The one we feel the deepest for is their leader, Shinzaemon (Koji Yakusho), who gets the most screentime. As a samurai past his prime, it is understood that this will most likely be his last quest, and while Naritsugu is his primary target, Shinzaemon has an opposite number in the form of his former friend, and current right hand of Lord Naritsugu, Hanbei (Masachika Ichimura). While Shinzaemon fights for the good of the people Naritsugu oppresses, Hanbei is loyal only to the Shogun, and vows to protect his master until the very end.

It is this theme of fighting for what one believes in that is explored in a myriad of ways throughout 13 Assassins. It's a theme as old as storytelling itself, but the film never feels like it's treading over well worn ground. The movie is old fashioned in that it delineates clearly between good and evil, and good guys have only one goal: to take down the bad guy. The heroes are righteous, the villains odious. Miike aims to distinctly portray Naritsugu as an abomination, so that the plight of the men hired to assassinate him becomes purely virtuous. It is this simple representation of right versus wrong, good versus evil, honor versus loyalty that makes 13 Assassinsa a breeze to follow, allowing Miike to impress with a brisk pace, gorgeous cinematography, and well-choreographed fight scenes, and lets the cast have fun acting acting out the two sides. Goro Inagaki is the biggest pleasure in the film, performance wise. Naritsugu is a villain for the ages, and Inagaki inspires hatred in not only the characters, but also the audience. The movie is spent wanting to see this monster dispatched, but enjoying every menacing moment he's on screen.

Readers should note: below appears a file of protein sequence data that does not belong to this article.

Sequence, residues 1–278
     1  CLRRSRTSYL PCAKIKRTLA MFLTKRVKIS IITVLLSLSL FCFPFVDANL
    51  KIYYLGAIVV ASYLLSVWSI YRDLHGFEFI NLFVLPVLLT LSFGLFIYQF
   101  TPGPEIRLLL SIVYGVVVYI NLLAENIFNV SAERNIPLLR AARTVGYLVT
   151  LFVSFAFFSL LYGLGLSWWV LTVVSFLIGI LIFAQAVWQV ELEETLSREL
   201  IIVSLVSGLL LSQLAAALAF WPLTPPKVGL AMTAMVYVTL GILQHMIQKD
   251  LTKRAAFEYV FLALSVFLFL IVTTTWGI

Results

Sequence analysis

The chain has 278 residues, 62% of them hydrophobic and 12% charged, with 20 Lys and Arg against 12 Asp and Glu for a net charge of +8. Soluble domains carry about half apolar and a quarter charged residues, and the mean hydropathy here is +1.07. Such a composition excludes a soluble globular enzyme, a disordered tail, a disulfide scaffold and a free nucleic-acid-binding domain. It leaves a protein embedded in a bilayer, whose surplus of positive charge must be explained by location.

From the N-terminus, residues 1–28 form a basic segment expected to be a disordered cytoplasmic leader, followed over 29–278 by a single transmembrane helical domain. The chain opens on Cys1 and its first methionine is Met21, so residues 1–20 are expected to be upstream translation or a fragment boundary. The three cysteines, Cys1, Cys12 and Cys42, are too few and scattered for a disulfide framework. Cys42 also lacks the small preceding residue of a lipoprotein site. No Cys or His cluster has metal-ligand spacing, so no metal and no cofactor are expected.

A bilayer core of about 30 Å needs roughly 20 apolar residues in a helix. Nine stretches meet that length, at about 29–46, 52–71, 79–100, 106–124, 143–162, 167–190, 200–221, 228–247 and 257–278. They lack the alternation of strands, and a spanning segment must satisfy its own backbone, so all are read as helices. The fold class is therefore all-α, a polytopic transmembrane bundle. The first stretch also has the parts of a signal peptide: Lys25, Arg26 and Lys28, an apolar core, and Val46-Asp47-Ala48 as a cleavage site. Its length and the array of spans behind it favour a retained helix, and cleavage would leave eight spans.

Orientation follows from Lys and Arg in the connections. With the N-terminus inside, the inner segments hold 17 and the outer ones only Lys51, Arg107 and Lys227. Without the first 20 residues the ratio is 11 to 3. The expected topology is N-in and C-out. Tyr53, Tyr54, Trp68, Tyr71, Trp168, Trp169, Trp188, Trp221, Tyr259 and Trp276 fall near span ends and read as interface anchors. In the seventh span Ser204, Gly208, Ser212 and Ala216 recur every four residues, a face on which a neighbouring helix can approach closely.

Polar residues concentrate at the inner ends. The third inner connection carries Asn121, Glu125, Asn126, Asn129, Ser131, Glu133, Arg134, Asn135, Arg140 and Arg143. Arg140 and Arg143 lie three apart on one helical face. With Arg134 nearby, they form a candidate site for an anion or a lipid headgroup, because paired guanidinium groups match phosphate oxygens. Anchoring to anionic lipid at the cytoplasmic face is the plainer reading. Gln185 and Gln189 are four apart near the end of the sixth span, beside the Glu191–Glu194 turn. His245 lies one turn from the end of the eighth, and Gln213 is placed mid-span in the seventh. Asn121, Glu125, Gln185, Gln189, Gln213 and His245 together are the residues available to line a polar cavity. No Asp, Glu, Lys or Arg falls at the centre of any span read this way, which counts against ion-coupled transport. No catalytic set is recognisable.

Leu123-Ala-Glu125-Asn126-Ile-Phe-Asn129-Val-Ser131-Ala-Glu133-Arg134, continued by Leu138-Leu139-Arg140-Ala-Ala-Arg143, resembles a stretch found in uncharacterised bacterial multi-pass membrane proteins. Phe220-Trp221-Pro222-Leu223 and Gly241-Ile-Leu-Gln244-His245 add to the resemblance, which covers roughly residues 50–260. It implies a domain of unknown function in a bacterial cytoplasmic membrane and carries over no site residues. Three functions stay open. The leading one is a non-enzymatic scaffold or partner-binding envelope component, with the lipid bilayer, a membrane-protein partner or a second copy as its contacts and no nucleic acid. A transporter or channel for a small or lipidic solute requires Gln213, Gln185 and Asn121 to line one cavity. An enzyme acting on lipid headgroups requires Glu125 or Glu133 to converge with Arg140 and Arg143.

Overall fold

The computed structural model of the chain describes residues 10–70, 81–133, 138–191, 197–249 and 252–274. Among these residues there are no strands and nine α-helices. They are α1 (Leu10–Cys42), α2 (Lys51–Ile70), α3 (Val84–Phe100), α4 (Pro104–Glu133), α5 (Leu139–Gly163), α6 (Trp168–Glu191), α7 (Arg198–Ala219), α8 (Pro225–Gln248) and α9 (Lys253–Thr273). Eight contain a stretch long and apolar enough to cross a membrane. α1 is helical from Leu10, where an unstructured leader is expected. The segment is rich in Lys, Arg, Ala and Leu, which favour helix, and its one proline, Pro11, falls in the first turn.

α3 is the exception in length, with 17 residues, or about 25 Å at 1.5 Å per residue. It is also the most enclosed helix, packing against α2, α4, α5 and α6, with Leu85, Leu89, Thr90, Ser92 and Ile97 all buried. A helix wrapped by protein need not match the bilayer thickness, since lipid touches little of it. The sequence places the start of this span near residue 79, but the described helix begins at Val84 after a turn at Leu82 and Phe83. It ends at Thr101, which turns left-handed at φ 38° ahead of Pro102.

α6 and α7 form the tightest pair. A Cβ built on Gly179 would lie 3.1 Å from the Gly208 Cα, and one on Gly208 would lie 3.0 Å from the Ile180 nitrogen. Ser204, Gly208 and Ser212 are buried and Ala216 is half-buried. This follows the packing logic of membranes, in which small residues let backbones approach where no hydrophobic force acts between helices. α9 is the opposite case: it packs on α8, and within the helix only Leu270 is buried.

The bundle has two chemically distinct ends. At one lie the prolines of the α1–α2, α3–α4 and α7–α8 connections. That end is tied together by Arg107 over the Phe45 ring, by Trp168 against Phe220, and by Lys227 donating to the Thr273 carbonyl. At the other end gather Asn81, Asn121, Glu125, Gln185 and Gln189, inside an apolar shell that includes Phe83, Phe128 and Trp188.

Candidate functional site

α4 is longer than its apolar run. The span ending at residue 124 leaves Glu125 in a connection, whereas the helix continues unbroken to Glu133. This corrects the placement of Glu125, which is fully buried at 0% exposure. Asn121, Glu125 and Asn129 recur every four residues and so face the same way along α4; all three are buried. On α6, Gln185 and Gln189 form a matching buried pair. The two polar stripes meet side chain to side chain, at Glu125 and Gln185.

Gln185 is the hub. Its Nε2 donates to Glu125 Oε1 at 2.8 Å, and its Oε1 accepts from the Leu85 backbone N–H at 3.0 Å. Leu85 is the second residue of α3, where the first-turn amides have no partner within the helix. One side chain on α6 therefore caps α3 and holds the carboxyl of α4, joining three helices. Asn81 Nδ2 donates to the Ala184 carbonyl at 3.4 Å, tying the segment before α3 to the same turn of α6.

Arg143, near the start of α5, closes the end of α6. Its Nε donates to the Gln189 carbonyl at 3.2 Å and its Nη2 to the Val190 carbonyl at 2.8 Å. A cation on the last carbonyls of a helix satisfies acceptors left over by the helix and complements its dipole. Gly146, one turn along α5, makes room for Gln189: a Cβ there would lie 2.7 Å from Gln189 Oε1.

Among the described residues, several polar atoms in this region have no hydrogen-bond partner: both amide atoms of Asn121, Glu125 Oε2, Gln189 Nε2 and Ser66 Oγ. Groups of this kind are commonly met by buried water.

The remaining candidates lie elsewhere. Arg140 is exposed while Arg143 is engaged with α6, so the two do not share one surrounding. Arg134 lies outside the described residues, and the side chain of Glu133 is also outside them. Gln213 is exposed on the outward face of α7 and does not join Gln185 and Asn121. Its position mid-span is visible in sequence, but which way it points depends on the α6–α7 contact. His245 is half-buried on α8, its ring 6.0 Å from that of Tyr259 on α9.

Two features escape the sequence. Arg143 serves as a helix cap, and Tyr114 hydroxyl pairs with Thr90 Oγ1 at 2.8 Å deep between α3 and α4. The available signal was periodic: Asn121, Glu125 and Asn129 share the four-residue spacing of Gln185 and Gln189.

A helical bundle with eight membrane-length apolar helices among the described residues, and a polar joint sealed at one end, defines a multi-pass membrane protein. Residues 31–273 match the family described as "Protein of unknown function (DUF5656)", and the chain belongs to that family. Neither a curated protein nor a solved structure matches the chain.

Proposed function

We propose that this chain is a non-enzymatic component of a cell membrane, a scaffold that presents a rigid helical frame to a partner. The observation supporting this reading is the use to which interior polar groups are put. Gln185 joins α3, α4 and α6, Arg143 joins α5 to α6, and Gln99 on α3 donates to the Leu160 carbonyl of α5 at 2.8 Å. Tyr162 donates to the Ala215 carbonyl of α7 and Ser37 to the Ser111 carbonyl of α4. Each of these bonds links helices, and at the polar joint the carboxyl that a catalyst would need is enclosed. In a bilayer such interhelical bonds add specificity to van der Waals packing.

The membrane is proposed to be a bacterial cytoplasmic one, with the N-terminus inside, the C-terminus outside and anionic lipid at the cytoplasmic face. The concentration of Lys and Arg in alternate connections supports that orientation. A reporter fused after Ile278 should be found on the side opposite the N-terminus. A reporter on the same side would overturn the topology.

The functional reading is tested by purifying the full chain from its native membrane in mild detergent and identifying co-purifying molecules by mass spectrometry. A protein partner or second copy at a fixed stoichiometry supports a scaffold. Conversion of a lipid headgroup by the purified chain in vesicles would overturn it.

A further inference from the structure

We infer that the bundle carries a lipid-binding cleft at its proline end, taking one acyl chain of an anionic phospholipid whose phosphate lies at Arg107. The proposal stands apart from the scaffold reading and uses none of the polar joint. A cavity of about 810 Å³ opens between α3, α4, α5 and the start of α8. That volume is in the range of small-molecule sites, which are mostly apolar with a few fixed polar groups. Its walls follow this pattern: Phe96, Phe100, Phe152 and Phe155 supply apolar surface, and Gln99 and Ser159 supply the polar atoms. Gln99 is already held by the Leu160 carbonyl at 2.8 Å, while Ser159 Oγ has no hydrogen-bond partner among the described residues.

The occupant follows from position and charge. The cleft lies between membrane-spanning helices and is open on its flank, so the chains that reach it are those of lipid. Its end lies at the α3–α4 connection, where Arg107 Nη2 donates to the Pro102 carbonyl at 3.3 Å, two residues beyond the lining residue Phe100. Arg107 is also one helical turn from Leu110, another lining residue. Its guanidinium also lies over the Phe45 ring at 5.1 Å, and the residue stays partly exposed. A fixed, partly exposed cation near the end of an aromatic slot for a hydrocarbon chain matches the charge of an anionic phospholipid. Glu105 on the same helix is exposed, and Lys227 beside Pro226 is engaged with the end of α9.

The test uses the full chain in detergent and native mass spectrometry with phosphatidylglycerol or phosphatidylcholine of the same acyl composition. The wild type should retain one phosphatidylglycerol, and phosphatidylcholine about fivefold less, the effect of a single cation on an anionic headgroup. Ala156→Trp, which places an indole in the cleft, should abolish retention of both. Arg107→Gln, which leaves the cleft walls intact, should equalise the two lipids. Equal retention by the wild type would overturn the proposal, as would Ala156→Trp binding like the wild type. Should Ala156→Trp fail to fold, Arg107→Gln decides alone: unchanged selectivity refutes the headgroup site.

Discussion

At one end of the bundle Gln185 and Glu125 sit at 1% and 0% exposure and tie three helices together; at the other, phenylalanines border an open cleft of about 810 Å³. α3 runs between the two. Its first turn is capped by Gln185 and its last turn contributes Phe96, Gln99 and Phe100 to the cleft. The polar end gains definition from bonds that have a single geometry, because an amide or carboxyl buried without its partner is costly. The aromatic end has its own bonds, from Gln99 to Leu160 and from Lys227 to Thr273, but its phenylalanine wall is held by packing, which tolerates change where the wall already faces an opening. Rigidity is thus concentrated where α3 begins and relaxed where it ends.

Takashi Miike is known for a few things, the least of which is his prolific body of work. His filmography runs the gamut - everything from Westers (Sukiyaki Western Django) to teen horror movies (One Missed Call) to surrealist domestic comedy (Visitor Q) to a horror musical (Happiness of the Katakuris). With each genre, Miike has displayed a penchant for the bizarre, and a compulsion to portray the odd and grotesque in boundary pushing ways (see his 1999 horror film Audition). With 13 Assassins, however, Miike is more restrained, and the movie is all the better for it. While the director doesn't completely eschew everything odd from the film (Koyota may or may not be an immortal demon; the limbless girl is shot in agonizing detail), 13 Assassins is by far his most accessible and entertaining film.